Deviating or departing from the center, or from the line of a circle; as, an eccentric or elliptical orbit; pertaining to deviation from the center or from true circular motion.
Not having the same center; -- said of circles, ellipses, spheres, etc., which, though coinciding, either in whole or in part, as to area or volume, have not the same center; -- opposed to concentric.
Pertaining to an eccentric; as, the eccentric rod in a steam engine.
Not coincident as to motive or end.
Deviating from stated methods, usual practice, or established forms or laws; deviating from an appointed sphere or way; departing from the usual course; irregular; anomalous; odd; as, eccentric conduct.
A circle not having the same center as another contained in some measure within the first.
One who, or that which, deviates from regularity; an anomalous or irregular person or thing.
In the Ptolemaic system, the supposed circular orbit of a planet about the earth, but with the earth not in its center.
A circle described about the center of an elliptical orbit, with half the major axis for radius.
A disk or wheel so arranged upon a shaft that the center of the wheel and that of the shaft do not coincide. It is used for operating valves in steam engines, and for other purposes. The motion derived is precisely that of a crank having the same throw.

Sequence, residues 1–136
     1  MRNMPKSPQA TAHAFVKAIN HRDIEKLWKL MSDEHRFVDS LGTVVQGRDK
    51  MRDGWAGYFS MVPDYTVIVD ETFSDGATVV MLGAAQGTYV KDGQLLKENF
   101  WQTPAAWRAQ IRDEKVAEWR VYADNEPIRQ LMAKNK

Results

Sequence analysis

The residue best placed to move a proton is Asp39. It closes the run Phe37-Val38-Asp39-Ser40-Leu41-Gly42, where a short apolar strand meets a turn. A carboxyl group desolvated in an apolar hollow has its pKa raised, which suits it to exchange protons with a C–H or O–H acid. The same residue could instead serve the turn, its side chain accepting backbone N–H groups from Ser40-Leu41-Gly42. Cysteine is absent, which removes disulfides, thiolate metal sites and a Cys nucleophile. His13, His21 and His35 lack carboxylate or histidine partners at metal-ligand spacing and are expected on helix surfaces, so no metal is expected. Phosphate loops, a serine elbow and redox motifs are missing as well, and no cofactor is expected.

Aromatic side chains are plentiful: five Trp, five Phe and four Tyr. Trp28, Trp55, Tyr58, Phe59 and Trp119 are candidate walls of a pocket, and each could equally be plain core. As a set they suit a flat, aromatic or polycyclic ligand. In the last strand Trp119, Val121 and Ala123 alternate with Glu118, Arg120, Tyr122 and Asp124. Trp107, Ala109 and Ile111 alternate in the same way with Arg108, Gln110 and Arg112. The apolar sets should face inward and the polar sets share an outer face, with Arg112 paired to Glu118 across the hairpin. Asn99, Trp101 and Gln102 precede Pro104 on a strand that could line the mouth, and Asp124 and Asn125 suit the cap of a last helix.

It's like, you can't have any fun, and if you do have fun, if you do your own thing, you're considered crazy and should be in a mental institution. Now, that's what I find creepy. I'm eccentric. I am not messed up. Crispin Glover
I know it's a cliche, but the whole family is just whacked. I mean, we're all out of our minds. They're the funniest, most eccentric bizarre people I've ever met, my siblings. Dana Carvey
I was born into the most remarkable and eccentric family I could possibly have hoped for. Maureen O'Hara
Do not fear to be eccentric in opinion, for every opinion now accepted was once eccentric. Bertrand Russell
The amount of eccentricity in a society has generally been proportional to the amount of genius, mental vigor, and moral courage it contained. That so few now dare to be eccentric marks the chief danger of the time. John Stuart Mill